War keeps our nation great
We have the right to have freedom, correct? Some people would go to extreme measures to keep our free. How far would you go to protect your rights?
We all understand that terrorism is bad. There are a few ways to get rid of terrorists, such as finding and killing them, to sometimes starting a war on their country. Wars can help keep us safe but they can also cause damage.
We all deserve freedom, even other countries. Sometimes we start a war to help get a country freedom. We also start wars to keep and protect our freedom. As far as I’m concerned, wars can be completely necessary when protecting our freedom.
Although wars can cause a lot of collateral damage, they are a part of life. People die every day from wars. These loved ones’ lost lives have helped shape America to be the great country that it is today.
Even though wars cause damage, I find them necessary to keep our freedom. We also need them to protect our people. Wars are needed to keep our country great.
KELSEY RESOR Woodburn
Background checks sensible safeguard
It is tempting to dismiss gun violence as something that happens in big cities or blame it on mental illness. However, according to a study by the Violence Policy Center, Indiana is one of 10 states whose death toll from gunshots has exceeded that from car accidents. In 2009, deaths from gunshots outpaced deaths from car accidents in Indiana by 735 to 715. Furthermore, while deaths from car accidents have declined in the last 10 years, firearm deaths have risen slightly. Clearly, as a society we need some changes.
People say it is not fair to blame the guns, and that may be true. But no one would hand a rope to a friend or family member that they believed was considering suicide. So why do we make it easy for convicted felons, domestic abusers and those known to be potentially dangerous to themselves or others to buy a gun with no questions asked? How is that protecting our children? Universal background checks are a common-sense step we can take to prevent potentially dangerous people from accessing guns.
STEFANI VINKEMEIER Warsaw
Bluffton Road work sound investment
We plan to spend $3 million for changes to Ewing Street and Fairfield Avenue, where traffic flows just fine as is; $700,000 to beautify overpasses; $700,000 for two studies; $500,000 for interchange beautification. Before we spend all that money on cosmetics, don’t you think we should have some basic infrastructure for people’s safety?
Here on Bluffton Road (one of the city’s oldest arteries), we just need some basic sidewalks. Every day I see people trying to navigate this dangerous stretch of road – on foot, bicycles, a man on a power chair has no choice but to get out onto the road and take his chances with the high-speed traffic. All we need are a few connections that will keep pedestrians and the like from choosing between trudging through the mud or risking their lives in the road. The bridge across the ditch at Winchester Road has a nice sidewalk on it, but it leads only to a mud path.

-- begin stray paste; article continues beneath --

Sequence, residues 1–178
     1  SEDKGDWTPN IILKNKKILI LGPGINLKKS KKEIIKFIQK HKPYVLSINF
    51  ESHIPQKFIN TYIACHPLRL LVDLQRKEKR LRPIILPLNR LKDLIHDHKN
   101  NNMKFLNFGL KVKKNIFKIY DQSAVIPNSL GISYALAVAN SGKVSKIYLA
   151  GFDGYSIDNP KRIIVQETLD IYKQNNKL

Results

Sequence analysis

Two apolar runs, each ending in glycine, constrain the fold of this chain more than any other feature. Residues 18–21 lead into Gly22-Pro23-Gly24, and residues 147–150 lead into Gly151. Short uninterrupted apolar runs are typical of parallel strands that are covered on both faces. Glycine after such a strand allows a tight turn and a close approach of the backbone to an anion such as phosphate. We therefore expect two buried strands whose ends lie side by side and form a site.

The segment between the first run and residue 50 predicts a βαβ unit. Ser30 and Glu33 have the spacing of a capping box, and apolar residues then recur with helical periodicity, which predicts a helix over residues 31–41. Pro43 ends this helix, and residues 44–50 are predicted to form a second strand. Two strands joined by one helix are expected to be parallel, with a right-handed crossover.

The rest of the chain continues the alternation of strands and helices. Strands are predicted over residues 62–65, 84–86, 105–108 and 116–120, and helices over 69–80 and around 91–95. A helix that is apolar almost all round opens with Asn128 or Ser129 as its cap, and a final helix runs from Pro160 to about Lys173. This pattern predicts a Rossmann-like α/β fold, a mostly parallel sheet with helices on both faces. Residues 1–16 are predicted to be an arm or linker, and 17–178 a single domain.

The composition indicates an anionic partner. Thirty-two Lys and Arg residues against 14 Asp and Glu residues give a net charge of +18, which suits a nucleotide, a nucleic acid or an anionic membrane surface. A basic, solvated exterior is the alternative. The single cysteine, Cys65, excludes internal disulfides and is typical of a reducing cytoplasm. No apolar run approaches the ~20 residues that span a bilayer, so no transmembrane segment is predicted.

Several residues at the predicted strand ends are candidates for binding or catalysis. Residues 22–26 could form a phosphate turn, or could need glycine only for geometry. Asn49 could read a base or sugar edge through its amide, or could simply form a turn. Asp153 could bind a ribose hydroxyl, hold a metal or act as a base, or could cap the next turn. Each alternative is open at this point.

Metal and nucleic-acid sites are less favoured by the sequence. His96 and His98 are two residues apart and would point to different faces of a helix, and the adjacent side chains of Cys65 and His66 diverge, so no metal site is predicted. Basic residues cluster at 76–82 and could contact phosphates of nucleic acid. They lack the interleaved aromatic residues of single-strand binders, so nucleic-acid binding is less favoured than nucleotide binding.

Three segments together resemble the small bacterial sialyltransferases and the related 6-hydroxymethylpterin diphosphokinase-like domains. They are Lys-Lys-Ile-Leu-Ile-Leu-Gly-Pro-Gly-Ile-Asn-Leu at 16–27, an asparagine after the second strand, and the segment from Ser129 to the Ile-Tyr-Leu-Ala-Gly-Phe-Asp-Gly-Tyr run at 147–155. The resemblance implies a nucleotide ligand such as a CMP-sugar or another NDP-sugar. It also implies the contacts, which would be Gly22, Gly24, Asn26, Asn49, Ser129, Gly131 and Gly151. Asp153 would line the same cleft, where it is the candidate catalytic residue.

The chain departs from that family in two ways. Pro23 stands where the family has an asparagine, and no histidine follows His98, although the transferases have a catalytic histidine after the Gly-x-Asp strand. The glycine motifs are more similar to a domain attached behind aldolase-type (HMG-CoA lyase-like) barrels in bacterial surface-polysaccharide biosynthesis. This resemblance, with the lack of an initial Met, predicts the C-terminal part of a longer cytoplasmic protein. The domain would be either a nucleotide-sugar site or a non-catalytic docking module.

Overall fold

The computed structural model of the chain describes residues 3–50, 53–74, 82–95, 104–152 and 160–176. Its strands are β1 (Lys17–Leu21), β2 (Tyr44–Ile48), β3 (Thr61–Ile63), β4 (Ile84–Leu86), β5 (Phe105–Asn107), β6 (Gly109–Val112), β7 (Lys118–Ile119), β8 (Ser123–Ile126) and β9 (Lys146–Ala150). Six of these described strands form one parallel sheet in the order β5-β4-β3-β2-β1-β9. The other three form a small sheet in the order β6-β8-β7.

I invite the mayor to come out here and walk this stretch on a regular basis to see what we have to encounter every day.
ROGER LINDLEY Fort Wayne
SB 373 one piece of wider effort
I thank The Journal Gazette for the editorial Loosened gag still too tight (March 1) about the anti-whistleblower Senate Bill 373.
Criminalizing photographing/videotaping of activity in industrial operations is a blatant attempt to avoid exposure of the brutality of factory farming. It is a red flag for the need for more, not less, vigilance.
Unfortunately, SB373 is just one of many Hoosier ag-gag/CAFO/right to farm (without restriction) bills. HB1582 limits nuisance lawsuits, exempting liability if economic viability is threatened. SB391 calls for a registry of crimes against agriculture. SB571 makes it illegal for counties to regulate existing CAFOS/CFOs.
The complexity of these initiatives masks awareness that our leaders are making decisions that threaten not only the freedom of press/speech but property rights, earth/animal welfare and quality of food – only corporate profit is protected.
SB373 must not be allowed to mask HJR5/SJR21, which would amend the state constitution to elevate BigAg’s cruel, inefficient, unsustainable, destructive common farming practices to fundamental-right status and make it illegal for any county to ban construction of new CAFOs.
Why is it that we, the people, have to beg our elected officials to protect our welfare, the animals and the earth over corporate profit?
MARIAN PATIENCE HARVEY Roachdale